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Prize-winning journalist Mary McGrory dies

Washington Post columnist Mary McGrory, a leading liberal voice who won a Pulitzer Prize for her work during Watergate, died. She was 85.
Mary McGrory, shown in 1981, worked well into her 80s, and retired only after falling ill in March 2003.Barry Thumma / AP
/ Source: The Associated Press

Longtime Washington Post columnist Mary McGrory, a leading liberal voice whose exquisite writing and no-nonsense commentary won her a Pulitzer Prize for her work during Watergate, has died after a long illness. She was 85.

A tireless reporter well into her 80s, McGrory — who died late Wednesday at an area hospital — was a revered and influential figure in journalism in a career spanning five decades, from the Joseph McCarthy hearings during the 1950s to the 2003 Iraq war.

“The most luminous writer and clearest thinker in the business,” the Post quoted New York Times columnist Maureen Dowd as saying at a McGrory tribute several years ago.

“Mary was simply one of the best opinion columnists of her time,” said Leonard Downie Jr., the Post’s executive editor. “She wrote lyrically, and she never had difficulty expressing an opinion. But perhaps most impressive was Mary’s reporting. She seemed to know everyone in politics, and in many other fields besides. And her columns always revealed something to readers that they never would have otherwise known.”

Born Aug, 22, 1918, McGrory wrote about some of the world’s most significant events, and her eloquent prose following the assassination of President John F. Kennedy endeared her to millions of readers.

“He brought gaiety, glamour and grace to the American political scene in a measure never known before,” she wrote of Kennedy in an editorial for the now-defunct Washington Star. “That lightsome tread, that debonair touch, that shock of chestnut hair, that beguiling grin, that shattering understatement — these are what we shall remember.”

During the Watergate era, her work earned her a spot on President Nixon’s “enemies list,” alongside former Democratic presidential candidate and Sen. George McGovern, actress Jane Fonda and many others. She also won journalism’s highest prize, the Pulitzer, for commentary in 1974, the year Nixon resigned.

She did not mince words, and her clear-thinking prose was nigh-legendary. She was, former New York Times columnist Russell Baker told the Post, “a pioneering force in today’s tell-it-like-it is, show-them-no-mercy journalism.”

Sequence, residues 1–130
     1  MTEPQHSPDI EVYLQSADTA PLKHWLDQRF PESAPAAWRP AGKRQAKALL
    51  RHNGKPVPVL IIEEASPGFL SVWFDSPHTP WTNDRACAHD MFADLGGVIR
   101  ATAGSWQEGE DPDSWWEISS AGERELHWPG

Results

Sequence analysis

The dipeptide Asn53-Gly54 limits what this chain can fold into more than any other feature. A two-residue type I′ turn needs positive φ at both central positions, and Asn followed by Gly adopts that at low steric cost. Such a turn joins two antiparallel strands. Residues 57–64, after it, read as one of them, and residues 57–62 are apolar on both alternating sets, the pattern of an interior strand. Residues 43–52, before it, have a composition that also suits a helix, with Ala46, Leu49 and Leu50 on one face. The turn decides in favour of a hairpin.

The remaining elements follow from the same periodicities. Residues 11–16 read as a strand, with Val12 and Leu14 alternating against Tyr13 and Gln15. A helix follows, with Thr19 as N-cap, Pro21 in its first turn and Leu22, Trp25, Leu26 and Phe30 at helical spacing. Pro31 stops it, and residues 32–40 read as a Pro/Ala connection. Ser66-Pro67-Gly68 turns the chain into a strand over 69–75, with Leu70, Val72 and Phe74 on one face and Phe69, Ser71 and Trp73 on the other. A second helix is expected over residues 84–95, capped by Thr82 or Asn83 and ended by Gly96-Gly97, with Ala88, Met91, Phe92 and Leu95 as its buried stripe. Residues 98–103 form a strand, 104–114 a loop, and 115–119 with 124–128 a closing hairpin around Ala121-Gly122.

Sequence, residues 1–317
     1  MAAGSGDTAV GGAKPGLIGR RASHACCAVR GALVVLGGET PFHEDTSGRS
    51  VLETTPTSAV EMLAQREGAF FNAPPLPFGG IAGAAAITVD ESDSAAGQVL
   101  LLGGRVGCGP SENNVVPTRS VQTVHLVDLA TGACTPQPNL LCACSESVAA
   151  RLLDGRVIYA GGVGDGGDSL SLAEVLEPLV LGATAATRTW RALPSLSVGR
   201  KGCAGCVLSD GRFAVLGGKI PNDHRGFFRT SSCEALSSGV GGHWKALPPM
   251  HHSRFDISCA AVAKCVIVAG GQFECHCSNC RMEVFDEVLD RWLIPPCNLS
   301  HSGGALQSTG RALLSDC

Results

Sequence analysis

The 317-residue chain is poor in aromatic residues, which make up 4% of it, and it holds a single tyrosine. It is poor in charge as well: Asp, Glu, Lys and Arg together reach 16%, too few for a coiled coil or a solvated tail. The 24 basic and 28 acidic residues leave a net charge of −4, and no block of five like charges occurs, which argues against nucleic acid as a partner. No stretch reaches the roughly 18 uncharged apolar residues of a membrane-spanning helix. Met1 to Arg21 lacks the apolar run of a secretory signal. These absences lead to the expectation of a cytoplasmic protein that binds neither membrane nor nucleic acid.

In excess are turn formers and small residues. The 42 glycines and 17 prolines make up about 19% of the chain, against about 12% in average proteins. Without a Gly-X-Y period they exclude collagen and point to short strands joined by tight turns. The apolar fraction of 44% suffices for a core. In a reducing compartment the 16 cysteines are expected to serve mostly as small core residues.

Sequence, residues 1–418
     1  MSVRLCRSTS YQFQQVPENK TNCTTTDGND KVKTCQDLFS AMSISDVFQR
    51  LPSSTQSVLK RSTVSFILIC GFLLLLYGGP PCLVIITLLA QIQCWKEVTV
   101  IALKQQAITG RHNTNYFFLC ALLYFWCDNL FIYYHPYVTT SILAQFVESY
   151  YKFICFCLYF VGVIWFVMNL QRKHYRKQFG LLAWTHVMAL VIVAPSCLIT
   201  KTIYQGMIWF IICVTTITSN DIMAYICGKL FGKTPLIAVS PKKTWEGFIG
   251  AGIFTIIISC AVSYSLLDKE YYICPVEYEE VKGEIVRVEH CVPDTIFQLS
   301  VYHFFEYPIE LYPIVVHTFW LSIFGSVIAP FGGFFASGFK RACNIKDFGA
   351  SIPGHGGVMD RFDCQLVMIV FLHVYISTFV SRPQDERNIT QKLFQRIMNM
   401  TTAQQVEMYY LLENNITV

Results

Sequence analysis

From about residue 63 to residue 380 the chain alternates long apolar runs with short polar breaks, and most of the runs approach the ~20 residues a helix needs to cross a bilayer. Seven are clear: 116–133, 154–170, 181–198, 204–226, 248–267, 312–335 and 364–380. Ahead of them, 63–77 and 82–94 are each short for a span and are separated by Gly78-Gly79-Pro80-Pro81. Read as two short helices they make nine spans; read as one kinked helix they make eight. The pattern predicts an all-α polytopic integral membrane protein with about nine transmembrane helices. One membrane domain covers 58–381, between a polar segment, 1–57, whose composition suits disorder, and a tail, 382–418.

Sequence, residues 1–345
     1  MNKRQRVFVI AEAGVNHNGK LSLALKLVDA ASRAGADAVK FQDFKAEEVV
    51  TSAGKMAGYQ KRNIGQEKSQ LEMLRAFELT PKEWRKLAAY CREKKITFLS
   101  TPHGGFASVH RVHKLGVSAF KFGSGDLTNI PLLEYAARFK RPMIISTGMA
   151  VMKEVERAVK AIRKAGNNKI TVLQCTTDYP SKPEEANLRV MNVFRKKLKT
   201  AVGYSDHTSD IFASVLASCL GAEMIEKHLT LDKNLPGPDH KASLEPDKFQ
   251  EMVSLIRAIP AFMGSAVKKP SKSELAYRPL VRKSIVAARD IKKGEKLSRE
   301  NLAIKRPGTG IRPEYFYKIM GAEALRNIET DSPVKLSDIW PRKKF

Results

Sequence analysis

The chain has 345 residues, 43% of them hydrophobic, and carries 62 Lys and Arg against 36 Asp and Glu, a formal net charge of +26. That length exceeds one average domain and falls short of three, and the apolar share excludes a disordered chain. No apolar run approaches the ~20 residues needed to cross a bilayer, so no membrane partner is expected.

McGrory fell ill in March 2003. The Post said McGrory suffered a stroke-like event “that affected her ability to communicate.” She retired at the end of the year.

Her cousin, Boston Globe columnist Brian McGrory, described her in a Nov. 11, 2003, column as a “liberal lion on the left,” who once caused the first President George Bush to complain in his private journal about her, writing, “She has destroyed me over and over again.”

Born in Boston’s Roslindale neighborhood, McGrory began her career in journalism at the Boston Herald before transferring in 1947 to The Washington Star as a book reviewer.

Heralding her debut as a commentator, McGrory was tapped in 1954 to cover the Army-McCarthy hearings, which were held after the Army charged that Wisconsin Republican Sen. Joseph McCarthy was interfering with operations as he searched for communists. She stayed with the Star until it went out of business in 1981.

That same year, McGrory joined The Washington Post, where she became a syndicated columnist.

During a speech in 1985, McGrory lamented what she viewed as an absence of passion in America’s newspapers and their readers. She said she was flooded with impassioned letters during Vietnam and Watergate, but that inspired letters such as those trailed off sharply during the Reagan administration.

“I have begun to wonder what people care about, or if they care at all,” she said.

McGrory was not one to rest on her laurels. Well into her 80s she was a familiar figure in the Washington press corps, waiting with other reporters through countless “photo ops” and during frequent — and seemingly interminable — “stake outs” for members of Congress to emerge from meetings and speak to the press.

Her early success in journalism during a male-dominated business made her a pioneer, but she never identified with other women writers and did not consider herself a feminist, the Post said.

Her approach was to say, “I made it in a man’s world and you must make it, too,” former Washington Star reporter Duncan Spencer told the Post. “She felt like you get what you deserve and if you can’t work out a better deal its your failing.”